What just happened?

To celebrate Vikings Live, we have replaced our Roman alphabet with the runic alphabet used by the Vikings, the Scandinavian ‘Younger Futhark’. The ‘Younger Futhark’ has only 16 letters, so we have used some of the runic letters more than once or combined two runes for one Roman letter.

For an excellent introduction to runes, we recommend Martin Findell’s book published by British Museum Press.

More information about how we have ‘runified’ this site

 

Collection online

Additional options
Production date to

Or search by

Searching...

figure

  • Object type

  • Museum number

    Am1977,Q.3

  • Description

    Male figure (possibly representing Boinayel the Rain Giver) made of wood.

  • Ethnic name

  • Culture/period

  • Date

    • 15thC(late) (?)
  • Findspot

  • Materials

  • Dimensions

    • Height: 104 centimetres
    • Width: 52 centimetres
    • Depth: 15 centimetres
  • Curator's comments

    Referred to in Archaeologia,1803 as being exhibited to the Society by Rebello on 11/4/1799, having been found in a cave in June,1792. Method of acquisition by BM currently unknown. (AMD,8/1993). See Fagg, Tribal Image, pl.3.McEwan 2009, p.27
    This imposing Taino sculpture stands in a rigid frontal pose of hallucinogenic possession, signalled by the grimacing teeth and tears streaming down his cheeks. The ostentatious display of the sexual organs, emphasized by the hands resting on the hips, underlines its aggressive marculinity. The bulging calves are an admired manifestation of strength and durability produced by wearing ligatures bound beneath the knees and aroud the ankles.
    Like most of the other surviving wooden objects, it is carved from the dense, black tropical hardwood, guayacan (Guaiacum officinale L.). The prepared surface was polished with rounded river pebbles to bring the wood resin to the surface and help achieve an alluring deep black lustre.
    On the back, the exposed skeletal vertebrae of the spinal column reinforce its association with the spirit world of revered dead male ancestors imbued with a life force called "cemi" that could assume different forms, invisible as well as visible. In this animate universe the Taino actively sought contact with these potent and influential beings who were capable of performing formidable deeds. Many had names, titles, even genealogies, and with each interaction between object and person the "cemies" added to their biography.According to Bercht et al. 1997, p.73 this figure has been identified as the Boinayel the Rain Giver. The tears that stream from his eyes signify the magical tears that created rain.

    More 

  • Bibliography

    • McEwan 2009 p. 27 bibliographic details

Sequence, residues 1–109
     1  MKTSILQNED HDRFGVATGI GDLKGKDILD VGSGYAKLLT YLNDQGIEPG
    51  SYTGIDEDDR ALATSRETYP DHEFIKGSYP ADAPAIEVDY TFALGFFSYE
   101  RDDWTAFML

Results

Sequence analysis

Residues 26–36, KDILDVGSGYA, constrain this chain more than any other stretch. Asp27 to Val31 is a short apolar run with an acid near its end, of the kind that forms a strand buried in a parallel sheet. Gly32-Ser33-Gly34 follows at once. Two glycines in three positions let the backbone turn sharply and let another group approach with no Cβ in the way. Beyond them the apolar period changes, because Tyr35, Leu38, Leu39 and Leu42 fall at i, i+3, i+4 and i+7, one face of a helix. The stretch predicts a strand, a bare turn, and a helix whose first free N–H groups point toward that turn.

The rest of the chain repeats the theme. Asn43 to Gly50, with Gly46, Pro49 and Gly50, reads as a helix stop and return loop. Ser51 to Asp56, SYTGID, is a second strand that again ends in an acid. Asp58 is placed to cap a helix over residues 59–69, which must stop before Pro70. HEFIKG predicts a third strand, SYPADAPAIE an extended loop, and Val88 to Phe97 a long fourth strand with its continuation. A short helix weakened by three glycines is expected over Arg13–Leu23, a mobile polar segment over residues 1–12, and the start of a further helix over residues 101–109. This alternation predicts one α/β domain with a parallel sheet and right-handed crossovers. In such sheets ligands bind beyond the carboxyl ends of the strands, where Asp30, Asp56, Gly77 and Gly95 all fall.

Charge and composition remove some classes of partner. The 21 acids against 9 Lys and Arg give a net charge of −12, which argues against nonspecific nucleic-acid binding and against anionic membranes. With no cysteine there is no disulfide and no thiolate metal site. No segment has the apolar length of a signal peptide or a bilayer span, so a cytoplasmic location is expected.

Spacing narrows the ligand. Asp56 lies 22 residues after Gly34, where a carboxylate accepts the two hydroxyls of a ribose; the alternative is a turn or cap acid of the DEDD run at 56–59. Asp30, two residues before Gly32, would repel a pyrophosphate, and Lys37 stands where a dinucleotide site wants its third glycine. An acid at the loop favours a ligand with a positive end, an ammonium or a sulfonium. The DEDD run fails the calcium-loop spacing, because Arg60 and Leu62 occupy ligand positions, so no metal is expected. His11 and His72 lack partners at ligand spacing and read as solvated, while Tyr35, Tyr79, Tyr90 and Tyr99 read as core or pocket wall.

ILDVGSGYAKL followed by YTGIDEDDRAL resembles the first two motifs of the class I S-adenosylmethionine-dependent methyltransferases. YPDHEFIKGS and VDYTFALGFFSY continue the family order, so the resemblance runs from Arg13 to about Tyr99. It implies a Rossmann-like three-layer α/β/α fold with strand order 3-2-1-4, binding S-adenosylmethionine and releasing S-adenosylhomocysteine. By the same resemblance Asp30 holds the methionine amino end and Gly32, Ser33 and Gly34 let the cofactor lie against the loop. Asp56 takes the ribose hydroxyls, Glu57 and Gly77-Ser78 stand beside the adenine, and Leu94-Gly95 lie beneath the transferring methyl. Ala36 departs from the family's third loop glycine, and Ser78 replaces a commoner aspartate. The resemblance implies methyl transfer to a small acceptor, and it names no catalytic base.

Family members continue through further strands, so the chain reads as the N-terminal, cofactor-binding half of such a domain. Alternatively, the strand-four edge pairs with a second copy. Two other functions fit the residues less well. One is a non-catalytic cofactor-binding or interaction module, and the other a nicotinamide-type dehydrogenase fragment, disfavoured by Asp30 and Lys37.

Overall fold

• Bercht et al. 1997 p. 73-74; cat no 54 bibliographic details
    • Fagg 1977 pl.3 bibliographic details
    • Bate & Thornton 2012 pp. 258-9, fig. 32; p. 295 bibliographic details
  • Exhibition history

    Exhibited:

    2000-2001 6 Dec-11 Feb, London, BM Room 35; Human Image
    2003 18 Oct-14 Dec, Tokyo Metropolitan Art Museum, Treasures of the World's Cultures
    2004 17 Jan-28 Mar, Kobe City Museum, Treasures of the World's Cultures
    2004 10 Apr-13 Jun, Fukuoka Art Museum, Treasures of the World's Cultures
    2004 26 Jun-29 Aug, Niigata Bandaijima Art Museum, Treasures of the World's Cultures
    2005 1 Oct-2007 7 Jan, London, Horniman Museum, Amazon to Caribbean: Early Peoples of the Rainforest
    2008, Apr-Sept, Barcelona, Museo Barbier-Mueller D'Art Precolombi, 'Caribbean Before Columbus'
    2008 Sept -2009 Jan, Santiago de Compostela, Fundacion Caixa Galiciade, 'Caribbean Before Columbus'
    2009, Jan-Apr, Madrid, Museo de America, 'Caribbean Before Columbus'
    2012 10 Apr-10 Jul, Quai Branly, Paris; Masters of Chaos
    2012 19 Jul-25 Nov, London, BM Shakespeare: Staging the World

  • Conservation

    See treatments 

  • Acquisition name

  • Acquisition notes

    Acquisition details unknown.

  • Department

    Africa, Oceania & the Americas

  • Registration number

    Am1977,Q.3

Male figure (deity?) made of wood.

Male figure (deity?) made of wood.

Image description

Recommend


Feedback

If you’ve noticed a mistake or have any further information about this object, please email: collectiondatabase@britishmuseum.org 

View open data for this object with SPARQL endpoint

Object reference number: ESA25675

British Museum collection data is also available in the W3C open data standard, RDF, allowing it to join and relate to a growing body of linked data published by organisations around the world.

View this object

Support the Museum:
donate online

The Museum makes its collection database available to be used by scholars around the world. Donations will help support curatorial, documentation and digitisation projects.

About the database

The British Museum collection database is a work in progress. New records, updates and images are added every week.

More about the database 

Supporters

Work on this database is supported by a range of sponsors, donors and volunteers.

More about supporters and how you
can help  

Loading...